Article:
Tuesday, 23 December 2014

The story of my descent

As I tumble, I see all that my mind can see. 
From when I was only three, learning how to pee, 
Up till thirty-three, still learning how to be. 
Each stair my body crashes against is another blow to my soul. I spent my entire life on and off the dole, not knowing my life's role, trying desperately not to fold. Yet now all I feel, is cold.

My foot teeters on the edge of the staircase. My balance wavers and my heel slips off the top step. Did he push me? Or did I fall on my own accord?

Time stops going forward and goes in every direction. Memories don't link linearly. They're a mash of threads all wrapping around a central point. They trigger countless others as you pick at them, like a spider walking across its web.

I saw what I needed to see. And all the things I never wanted to see again. I saw it all. The tears I shed for boys who treated me like dirt. The tears of joy when I first held him in my arms. The tears when my 'friends' didn't pick me for their volley-ball team. The constant steady stream of tears when I had no real fears, just felt emotional for no apparent reason. Tears, so many tears. Until I had no more, and was just laying, gasping on the floor, doubled over and sore, with nothing left inside me any more. 

I saw them laughing at me. Arguing with me. Rolling their eyes. It flooded back a myriad of memories. It was all so happy at the start, meeting all these new people. I rode his coattails again of course to find them. For years we built friendships. But then, familiarity breeds contempt. I'd sucked the sweetness down to the sour centre. Everyone stopped listening to me and stopped taking me seriously. They all turned against me. Even him. 

He was my best friend. My entire world. Everything I did I got his approval for, and his opinion on. Everything he did I followed. He was my confidant. My protector. We knew each other better than we could possibly know anyone else. But something simmered under the surface.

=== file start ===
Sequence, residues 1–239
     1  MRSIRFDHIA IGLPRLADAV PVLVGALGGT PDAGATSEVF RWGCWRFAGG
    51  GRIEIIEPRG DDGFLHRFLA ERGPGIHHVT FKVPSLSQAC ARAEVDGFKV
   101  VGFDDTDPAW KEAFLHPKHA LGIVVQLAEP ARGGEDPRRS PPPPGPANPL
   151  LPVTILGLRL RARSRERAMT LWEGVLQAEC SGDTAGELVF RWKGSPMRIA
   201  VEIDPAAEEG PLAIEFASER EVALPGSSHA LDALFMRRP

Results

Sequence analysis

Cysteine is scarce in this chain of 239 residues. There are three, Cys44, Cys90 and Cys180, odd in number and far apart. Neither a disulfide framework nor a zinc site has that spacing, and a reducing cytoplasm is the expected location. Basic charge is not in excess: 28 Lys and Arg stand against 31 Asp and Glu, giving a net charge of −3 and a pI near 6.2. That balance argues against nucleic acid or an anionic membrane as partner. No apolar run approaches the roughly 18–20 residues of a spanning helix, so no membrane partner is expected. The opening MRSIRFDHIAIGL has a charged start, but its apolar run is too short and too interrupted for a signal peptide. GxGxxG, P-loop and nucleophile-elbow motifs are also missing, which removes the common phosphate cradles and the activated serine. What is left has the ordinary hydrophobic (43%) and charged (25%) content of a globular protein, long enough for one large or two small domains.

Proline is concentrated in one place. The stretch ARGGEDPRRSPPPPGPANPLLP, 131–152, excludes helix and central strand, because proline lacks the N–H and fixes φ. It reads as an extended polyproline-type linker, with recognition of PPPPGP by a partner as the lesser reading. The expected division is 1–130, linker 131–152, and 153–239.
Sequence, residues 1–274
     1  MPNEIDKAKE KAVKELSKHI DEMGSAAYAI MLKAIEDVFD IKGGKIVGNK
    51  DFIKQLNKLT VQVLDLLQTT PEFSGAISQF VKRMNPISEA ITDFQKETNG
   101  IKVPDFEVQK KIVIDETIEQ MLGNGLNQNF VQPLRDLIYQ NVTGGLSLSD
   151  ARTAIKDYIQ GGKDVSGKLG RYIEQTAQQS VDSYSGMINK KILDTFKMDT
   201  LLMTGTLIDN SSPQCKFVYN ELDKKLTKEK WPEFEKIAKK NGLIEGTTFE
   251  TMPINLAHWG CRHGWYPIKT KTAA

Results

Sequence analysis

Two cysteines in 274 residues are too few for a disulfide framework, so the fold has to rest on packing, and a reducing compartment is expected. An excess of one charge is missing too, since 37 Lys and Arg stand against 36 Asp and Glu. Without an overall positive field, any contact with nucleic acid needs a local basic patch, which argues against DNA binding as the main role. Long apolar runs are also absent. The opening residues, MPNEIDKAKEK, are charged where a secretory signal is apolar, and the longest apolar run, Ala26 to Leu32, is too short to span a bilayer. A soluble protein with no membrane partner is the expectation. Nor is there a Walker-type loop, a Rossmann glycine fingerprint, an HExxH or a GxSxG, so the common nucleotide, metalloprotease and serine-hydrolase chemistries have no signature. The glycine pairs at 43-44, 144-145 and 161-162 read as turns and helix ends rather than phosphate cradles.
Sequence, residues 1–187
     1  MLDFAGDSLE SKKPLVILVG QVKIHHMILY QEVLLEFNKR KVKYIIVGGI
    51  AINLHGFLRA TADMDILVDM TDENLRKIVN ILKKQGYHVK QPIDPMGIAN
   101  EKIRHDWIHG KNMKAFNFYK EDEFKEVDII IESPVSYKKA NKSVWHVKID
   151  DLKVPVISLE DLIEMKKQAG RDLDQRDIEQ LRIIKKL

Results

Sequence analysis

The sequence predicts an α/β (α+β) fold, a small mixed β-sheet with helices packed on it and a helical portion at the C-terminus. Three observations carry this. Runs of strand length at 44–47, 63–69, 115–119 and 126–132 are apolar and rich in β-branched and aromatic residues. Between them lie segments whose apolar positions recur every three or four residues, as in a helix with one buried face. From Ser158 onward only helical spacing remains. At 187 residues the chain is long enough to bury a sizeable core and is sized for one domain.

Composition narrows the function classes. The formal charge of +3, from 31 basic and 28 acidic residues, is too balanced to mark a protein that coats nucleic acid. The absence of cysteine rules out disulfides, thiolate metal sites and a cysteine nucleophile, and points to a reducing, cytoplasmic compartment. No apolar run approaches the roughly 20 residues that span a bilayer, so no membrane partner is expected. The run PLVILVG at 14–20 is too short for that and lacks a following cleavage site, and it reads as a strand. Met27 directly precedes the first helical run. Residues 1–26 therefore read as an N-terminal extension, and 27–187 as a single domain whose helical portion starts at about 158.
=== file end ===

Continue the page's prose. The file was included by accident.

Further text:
We were sitting at the kitchen table. He said he was full. I prodded his belly and told him food had nothing to do with it. He was already full, so why stop now? It was so long ago I barely recalled saying it, but now I could see it all again as clearly as watching a movie. I noticed the glimmer of hurt and sadness in his face as he picked up the fork and stared into the food on his half-filled plate. A fraction of a second later and he was old, fat, depressed, and shovelling food inside his mouth, with tears running down his cheeks. 

I noticed friend's faces as I told them the same exact story again and again. As I piled upon them my woes. The first time, when they showed genuine worry. The second time, when they nodded politely. And the third time, where they stared off in the distance thinking about something else. Why did I tell them the same worries over and over? They gave the same advice each time and I never followed it or grew as a person. Just kept worrying. And what simple worries they seem now. No wonder they are sour now, as I chipped each layer down every time I opened and closed my mouth. 

He said he wanted to be an opera singer and I laughed at him. He said he wanted to dance and I questioned his interest in women. He said he wanted to be happy and I threw in his face a list of reasons why he should  already be happy, how ungrateful he was, how selfish. I found him curled up in the cupboard under the kitchen sink once. He didn't want to come out. I told him to stop being stupid and dragged him out by his ankles. Why didn't I ask what was wrong? Or how I could help? My memories were not kind. My memories are worse than I remembered. I saw the fear flash on his face when I opened the cupboard door. He was afraid of me, but I had no idea. 

Eventually I hit the bottom landing and came crumpled to a stop. My mind, exhausted of all its memories began to float above it all. Painlessly it watched the broken body, collapsed upon the floor. It watched as no one came to help. I knew why, I accepted it, I didn't analyse it or worry about it. Perhaps I have atoned now. Perhaps I have given him release. The stars are out. The cicadas are crying a mournful song in the dark blue moonlight. A possum crawls along the front fence, pauses a moment as if it sees me, then continues slower than before. The dew on the grass is glistening. Life goes on. I'll leave them to live it. 

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